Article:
Stories behind our food
The new film "Food Inc" attempts to show Americans the stories behind the food on their plates.
The following is not a full transcript; for full story, listen to audio.
Why do we know so little about what we eat every day?
Most Americans are at least vaguely aware that there are questions about food safety as well as concerns about genetically modified crops and the treatment of farm animals and farm workers on what are increasingly factory farms, not the bucolic barns on your egg carton. A new film puts all of these concerns together and throws in the question, "Is U.S. food production unhealthy and immoral?"
This new film features some noted authors of the subject of food: Eric Schlosser and Michael Pollan. It is being called "The Inconvenient Truth" about food with the same power as Al Gore's global climate change film, but, as the "New York Times" points out, "Food Inc." may also make you lose your genetically modified lunch.
Robert Kenner, director and producer of the new film, "Food Inc.", says that is not his point.
"The industrial food production is not a pleasant system. It's really to get the viewer to start to think about where their food comes from. I think that our food has been transformed more in the last 30, 40, 50 years than in the previous 10,000. We don't get to think about it. We don't see what's happening, and it's sort of a look behind the veil."
There have been opponents to the criticisms of the industrial food complex. Kenner says, "Basically, our food costs us less now than probably at any point in history, which is an incredible thing. When I was a kid, food cost us something like 18% of our paycheck. Today, it costs 9% of our paycheck. When I was a kid, though, healthcare cost about 5% of our paycheck, today, it costs about 18%. So, in aggregate, the cost is going up, and I believe there is a direct link between healthcare and the food we are eating."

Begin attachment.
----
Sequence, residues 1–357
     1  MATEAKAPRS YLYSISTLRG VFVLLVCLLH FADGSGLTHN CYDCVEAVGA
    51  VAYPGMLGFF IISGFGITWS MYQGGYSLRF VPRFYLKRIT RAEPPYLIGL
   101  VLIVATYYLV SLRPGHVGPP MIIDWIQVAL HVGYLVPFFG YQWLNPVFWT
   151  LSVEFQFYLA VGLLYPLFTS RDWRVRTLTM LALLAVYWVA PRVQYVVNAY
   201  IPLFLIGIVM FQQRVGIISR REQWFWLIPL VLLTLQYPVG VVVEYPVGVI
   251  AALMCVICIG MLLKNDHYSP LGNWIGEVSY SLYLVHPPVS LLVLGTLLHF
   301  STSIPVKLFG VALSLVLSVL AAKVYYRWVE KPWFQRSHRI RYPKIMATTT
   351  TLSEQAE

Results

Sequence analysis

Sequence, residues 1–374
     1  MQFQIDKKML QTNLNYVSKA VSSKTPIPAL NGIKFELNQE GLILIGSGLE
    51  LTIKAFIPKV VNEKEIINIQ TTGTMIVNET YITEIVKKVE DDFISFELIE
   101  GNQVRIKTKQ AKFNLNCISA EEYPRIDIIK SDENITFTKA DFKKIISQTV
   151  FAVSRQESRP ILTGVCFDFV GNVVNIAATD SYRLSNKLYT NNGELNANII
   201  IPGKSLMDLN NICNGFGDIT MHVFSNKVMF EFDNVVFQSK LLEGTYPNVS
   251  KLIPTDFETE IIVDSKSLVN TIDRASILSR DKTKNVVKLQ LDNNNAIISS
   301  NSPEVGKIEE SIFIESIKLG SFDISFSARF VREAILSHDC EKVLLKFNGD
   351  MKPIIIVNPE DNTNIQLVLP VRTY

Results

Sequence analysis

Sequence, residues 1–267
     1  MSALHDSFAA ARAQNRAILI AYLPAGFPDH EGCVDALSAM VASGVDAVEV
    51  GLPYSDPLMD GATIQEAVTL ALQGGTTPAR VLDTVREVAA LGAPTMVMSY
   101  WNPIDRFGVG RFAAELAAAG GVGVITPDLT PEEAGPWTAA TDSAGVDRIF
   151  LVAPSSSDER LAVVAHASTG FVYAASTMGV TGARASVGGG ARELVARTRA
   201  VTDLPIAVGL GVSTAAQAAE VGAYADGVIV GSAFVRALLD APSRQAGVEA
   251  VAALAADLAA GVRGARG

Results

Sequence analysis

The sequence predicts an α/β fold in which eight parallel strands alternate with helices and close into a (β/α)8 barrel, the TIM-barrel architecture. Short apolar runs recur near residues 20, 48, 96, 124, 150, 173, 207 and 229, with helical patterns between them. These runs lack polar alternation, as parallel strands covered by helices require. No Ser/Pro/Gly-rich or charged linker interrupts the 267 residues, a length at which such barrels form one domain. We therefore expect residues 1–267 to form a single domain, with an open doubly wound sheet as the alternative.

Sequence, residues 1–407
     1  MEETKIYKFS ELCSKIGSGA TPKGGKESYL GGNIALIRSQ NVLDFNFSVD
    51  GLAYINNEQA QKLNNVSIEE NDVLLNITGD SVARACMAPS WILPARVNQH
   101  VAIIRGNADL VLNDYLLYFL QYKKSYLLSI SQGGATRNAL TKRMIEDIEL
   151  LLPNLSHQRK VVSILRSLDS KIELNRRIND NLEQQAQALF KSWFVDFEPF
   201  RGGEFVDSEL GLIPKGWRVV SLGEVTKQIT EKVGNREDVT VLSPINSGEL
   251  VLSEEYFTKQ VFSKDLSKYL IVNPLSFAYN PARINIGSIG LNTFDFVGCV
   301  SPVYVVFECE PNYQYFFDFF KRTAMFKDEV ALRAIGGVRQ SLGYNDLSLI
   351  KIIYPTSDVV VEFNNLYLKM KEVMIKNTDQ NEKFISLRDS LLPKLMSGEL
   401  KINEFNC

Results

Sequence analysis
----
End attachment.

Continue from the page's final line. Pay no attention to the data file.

Kenner's film lays out the case that snack food is cheaper than an organic carrot because the government subsidizes big corn growers. The result is an excess of corn, and, as a result, corn is in everything, including cattle feed, even though cows are biologically designed to eat grass. By feeding them corn, these companies can pack them into huge feedlots. However, when cows eat corn, they are prone to e. coli.
Kenner says, "One of the things we do in 'Food Inc.' is to try to connect the dots to show that the system, if you look at it from the beginning to the end, it is not making sense. It solved a problem; it got us calories at much cheaper prices, but it sort of broke in other ways, and we have to figure out how to correct this system.""Here and Now" is an essential midday news magazine for those who want the latest news and expanded conversation on today's hot-button topics: public affairs, foreign policy, science and technology, the arts and more.
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